Tea lovers often wonder what foods go best with their favorite drink. Should you serve sweets with white tea? Snack crackers with green? Fruit with black and herbal teas?
For at least a generation, people have been searching for the most appropriate food and tea pairings. As tea eclipses coffee in big city beverage shops, more and more consumers are eating meals with their daily tea fix, especially in the U.S. and Europe. Though some national cultures (the U.K. and India, for example) have for many years made tea an important part of eating, U.S. residents and others are new to the idea.
That’s why a fresh industry has cropped up around the proper food pairings for various kinds of tea. Wine drinkers understand the principles at work here. Those who are adamant about tea realize that serving the right tea with a particular food is a smart, delicious way to eat.
So, what are the best food-tea matchups? We’ll take a look at some of the most delicious and interesting ways to enjoy a meal with your hot or cold tea.
Eating a healthy breakfast is not a new idea, but including tea as an integral part of the morning meal is new to a lot of people, especially coffee drinkers. Even those who consume nutritious foods in the early morning can do themselves and their bodies a favor by coupling the foodstuffs with tea. Because tea has much less caffeine than coffee, that point alone is enough to win a few converts. But there’s more.
The catechins (antioxidants) in tea are a proven immunity booster, and green tea packs the biggest dose of these friendly little nutrients. Besides bolstering the overall physical metabolism, several cups of tea per day can help dieters drop a few pounds.
The tea and the food are supposed to work together and enhance each other’s flavors. A general rule for tea-and-food pairing is to match strong with strong and weak with weak. Powerful, very flavorsome food will drown out the taste of weaker, more delicate teas. That’s why it’s always a good idea to use a robust tea with assertive foods.
A good way to start out is to make a mental list of the basic ingredients in your meal before selecting the tea. The “cheat sheet” approach is this: Use a tea’s area of origin to match it with foods that are popular in that same geographic region or culture.
Spicy Indian dishes, for example, usually go well with darker, more robust teas that won’t disappear when teamed with curry or other muscular spices. Likewise, lighter fare like fish and rice, popular in Japan, are ideal complements to any green tea, particularly a ceremony-grade matcha tea.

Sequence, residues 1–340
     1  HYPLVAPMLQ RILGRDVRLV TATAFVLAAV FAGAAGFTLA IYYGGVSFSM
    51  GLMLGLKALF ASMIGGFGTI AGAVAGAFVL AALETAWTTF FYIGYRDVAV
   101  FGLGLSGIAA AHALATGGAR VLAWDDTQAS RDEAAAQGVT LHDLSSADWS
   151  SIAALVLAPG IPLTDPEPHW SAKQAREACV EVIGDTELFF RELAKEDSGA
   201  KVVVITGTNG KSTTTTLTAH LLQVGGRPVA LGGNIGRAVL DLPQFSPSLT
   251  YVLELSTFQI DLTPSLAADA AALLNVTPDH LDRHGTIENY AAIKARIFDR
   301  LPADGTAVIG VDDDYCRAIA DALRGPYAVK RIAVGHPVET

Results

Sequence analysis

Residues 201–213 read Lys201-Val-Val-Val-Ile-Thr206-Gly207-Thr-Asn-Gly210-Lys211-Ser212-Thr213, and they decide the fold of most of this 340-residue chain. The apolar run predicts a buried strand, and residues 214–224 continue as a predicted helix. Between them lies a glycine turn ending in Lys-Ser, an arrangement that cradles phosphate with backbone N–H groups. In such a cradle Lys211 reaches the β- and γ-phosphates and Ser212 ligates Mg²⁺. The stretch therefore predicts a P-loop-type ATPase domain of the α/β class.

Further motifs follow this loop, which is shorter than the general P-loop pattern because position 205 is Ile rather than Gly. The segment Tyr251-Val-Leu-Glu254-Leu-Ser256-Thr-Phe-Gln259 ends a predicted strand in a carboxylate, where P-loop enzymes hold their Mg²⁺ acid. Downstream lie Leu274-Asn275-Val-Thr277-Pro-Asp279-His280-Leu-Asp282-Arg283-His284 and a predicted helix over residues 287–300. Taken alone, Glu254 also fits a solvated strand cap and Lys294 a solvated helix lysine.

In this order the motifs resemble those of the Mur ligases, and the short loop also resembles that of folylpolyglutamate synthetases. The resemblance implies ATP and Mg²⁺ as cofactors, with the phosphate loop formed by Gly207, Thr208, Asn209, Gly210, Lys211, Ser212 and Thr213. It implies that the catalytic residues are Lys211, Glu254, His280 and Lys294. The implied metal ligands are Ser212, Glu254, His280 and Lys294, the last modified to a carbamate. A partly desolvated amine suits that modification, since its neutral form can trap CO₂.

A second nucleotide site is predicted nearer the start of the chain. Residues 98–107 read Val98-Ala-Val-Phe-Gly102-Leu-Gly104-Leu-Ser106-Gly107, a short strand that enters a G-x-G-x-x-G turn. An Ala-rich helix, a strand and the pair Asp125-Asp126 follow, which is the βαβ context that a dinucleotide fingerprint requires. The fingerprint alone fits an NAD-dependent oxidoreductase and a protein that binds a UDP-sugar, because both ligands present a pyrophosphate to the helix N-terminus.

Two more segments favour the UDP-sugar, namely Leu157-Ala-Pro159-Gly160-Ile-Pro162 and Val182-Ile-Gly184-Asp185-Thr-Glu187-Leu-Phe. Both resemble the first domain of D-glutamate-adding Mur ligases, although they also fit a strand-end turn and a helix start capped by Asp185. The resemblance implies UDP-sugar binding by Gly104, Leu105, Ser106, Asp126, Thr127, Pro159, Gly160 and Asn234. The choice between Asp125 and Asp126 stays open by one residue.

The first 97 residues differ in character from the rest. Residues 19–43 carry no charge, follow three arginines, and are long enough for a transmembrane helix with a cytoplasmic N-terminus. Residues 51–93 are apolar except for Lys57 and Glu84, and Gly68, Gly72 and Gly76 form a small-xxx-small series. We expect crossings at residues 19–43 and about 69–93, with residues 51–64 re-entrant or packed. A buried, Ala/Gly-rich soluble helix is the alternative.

White, green, black and oolong pairings
Volumes have been written about how to choose the perfect tea for virtually every known food item. Let’s consider the four general types of tea and what goes best with each.
Oolong tea’s flavor profile is somewhere between that of green and black tea. It has a wide range of foods it can be served with. For example, the lighter oolongs are best with seafood and aromatic choices that emphasize the tea’s floral scents. Light snacks, even salty ones are a good match for light oolong.
For the darker, heavier oolong teas, think about serving them alongside grilled meats, salmon, duck, trout and just about any smoked meat. The darker oolongs are also a smart pairing with so-called “heavy” sweets like waffles, pastries, pancakes and tarts.
A key fact to remember about green teas is that they are typically divided into three sub-categories: fruity, smoky and vegetable flavored. The vegetable green teas, which include Japanese matcha tea, are invariably a nice companion for seafood, while the smoky green teas go well with fowl, potatoes, stir-fry and cheesy options. Chinese green teas are the representative member of the smoky tea grouping. The fruity green teas work best with sandwiches, chicken, light salads and fluffy pastries that aren’t too sweet. The Indian green teas are the typical choices in the fruity category. Because green tea, in general, has such an understated vegetable taste, place it with mild foods like salads, fruit dishes, chicken, light fish and similar choices.
If you’re serving a no-frills veggie salad without dressing, white tea is the way to go. This is obviously the most delicate tea on the menu, so we don’t want to drown out its rare, airy flavor with heavy or spicy foods. Stick with very light seafood dishes or non-sweet fruit salads (like cucumbers) when serving white tea. Anything heavier on the food side of the ledger causes white tea to taste like plain water.
These robust teas are at home with spicy meat dishes and anything heavy and flavorsome. It’s the tannins that do the trick. Because black teas contain high amounts of this bitter nutrient, they help to bring out the flavor of stronger food selections. As with green teas, blacks are divided into three subcategories, in this case they are smoky, earthy and fruity.
Anyone who has traveled to India or Sri Lanka already knows what to eat with the fruity black teas. Sweet desserts are actually enhanced by the tannins in fruity black teas. When you are serving the very sweetest foods and desserts, you can’t go wrong with fruity black teas. China’s smoky black choices in the tea department are ideal alongside sweet chocolate, dark meats and even blackened meat dishes. Africa’s earthy black teas team up well with potatoes and gravy, blackened meats and some chicken dishes.
A lot goes into planning a meal, and tea selection is just one of the ways that cooks can enhance the flavor of their chosen dishes. When coffee just won’t do, and when you’re looking for a better way for your guests to enjoy a meal, tea is invariably a better option. It not only tastes great but is a much healthier choice than coffee or soda in any situation. But make sure to use the right tea for whatever you intend to serve. Every meal can be a winner with tea.